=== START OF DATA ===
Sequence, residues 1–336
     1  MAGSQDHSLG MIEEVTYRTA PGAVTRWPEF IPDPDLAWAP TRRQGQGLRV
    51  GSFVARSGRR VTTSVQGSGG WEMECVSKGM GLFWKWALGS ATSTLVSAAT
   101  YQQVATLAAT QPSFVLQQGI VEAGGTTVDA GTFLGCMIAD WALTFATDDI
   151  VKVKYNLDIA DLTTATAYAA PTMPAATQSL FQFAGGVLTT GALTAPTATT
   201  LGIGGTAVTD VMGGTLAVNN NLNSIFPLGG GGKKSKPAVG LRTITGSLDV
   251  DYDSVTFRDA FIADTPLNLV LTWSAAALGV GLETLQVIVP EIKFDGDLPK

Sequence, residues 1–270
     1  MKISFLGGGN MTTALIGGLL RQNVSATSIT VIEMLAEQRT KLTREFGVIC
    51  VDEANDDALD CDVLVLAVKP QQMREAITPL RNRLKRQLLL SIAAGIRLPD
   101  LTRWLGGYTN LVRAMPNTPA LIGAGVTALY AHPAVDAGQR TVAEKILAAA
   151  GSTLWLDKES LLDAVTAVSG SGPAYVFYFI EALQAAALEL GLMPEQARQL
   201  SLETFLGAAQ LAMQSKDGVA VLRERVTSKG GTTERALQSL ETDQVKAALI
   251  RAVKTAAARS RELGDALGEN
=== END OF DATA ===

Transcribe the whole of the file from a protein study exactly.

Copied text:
Sequence, residues 1–336
     1  MAGSQDHSLG MIEEVTYRTA PGAVTRWPEF IPDPDLAWAP TRRQGQGLRV
    51  GSFVARSGRR VTTSVQGSGG WEMECVSKGM GLFWKWALGS ATSTLVSAAT
   101  YQQVATLAAT QPSFVLQQGI VEAGGTTVDA GTFLGCMIAD WALTFATDDI
   151  VKVKYNLDIA DLTTATAYAA PTMPAATQSL FQFAGGVLTT GALTAPTATT
   201  LGIGGTAVTD VMGGTLAVNN NLNSIFPLGG GGKKSKPAVG LRTITGSLDV
   251  DYDSVTFRDA FIADTPLNLV LTWSAAALGV GLETLQVIVP EIKFDGDLPK

Sequence, residues 1–270
     1  MKISFLGGGN MTTALIGGLL RQNVSATSIT VIEMLAEQRT KLTREFGVIC
    51  VDEANDDALD CDVLVLAVKP QQMREAITPL RNRLKRQLLL SIAAGIRLPD
   101  LTRWLGGYTN LVRAMPNTPA LIGAGVTALY AHPAVDAGQR TVAEKILAAA
   151  GSTLWLDKES LLDAVTAVSG SGPAYVFYFI EALQAAALEL GLMPEQARQL
   201  SLETFLGAAQ LAMQSKDGVA VLRERVTSKG GTTERALQSL ETDQVKAALI
   251  RAVKTAAARS RELGDALGEN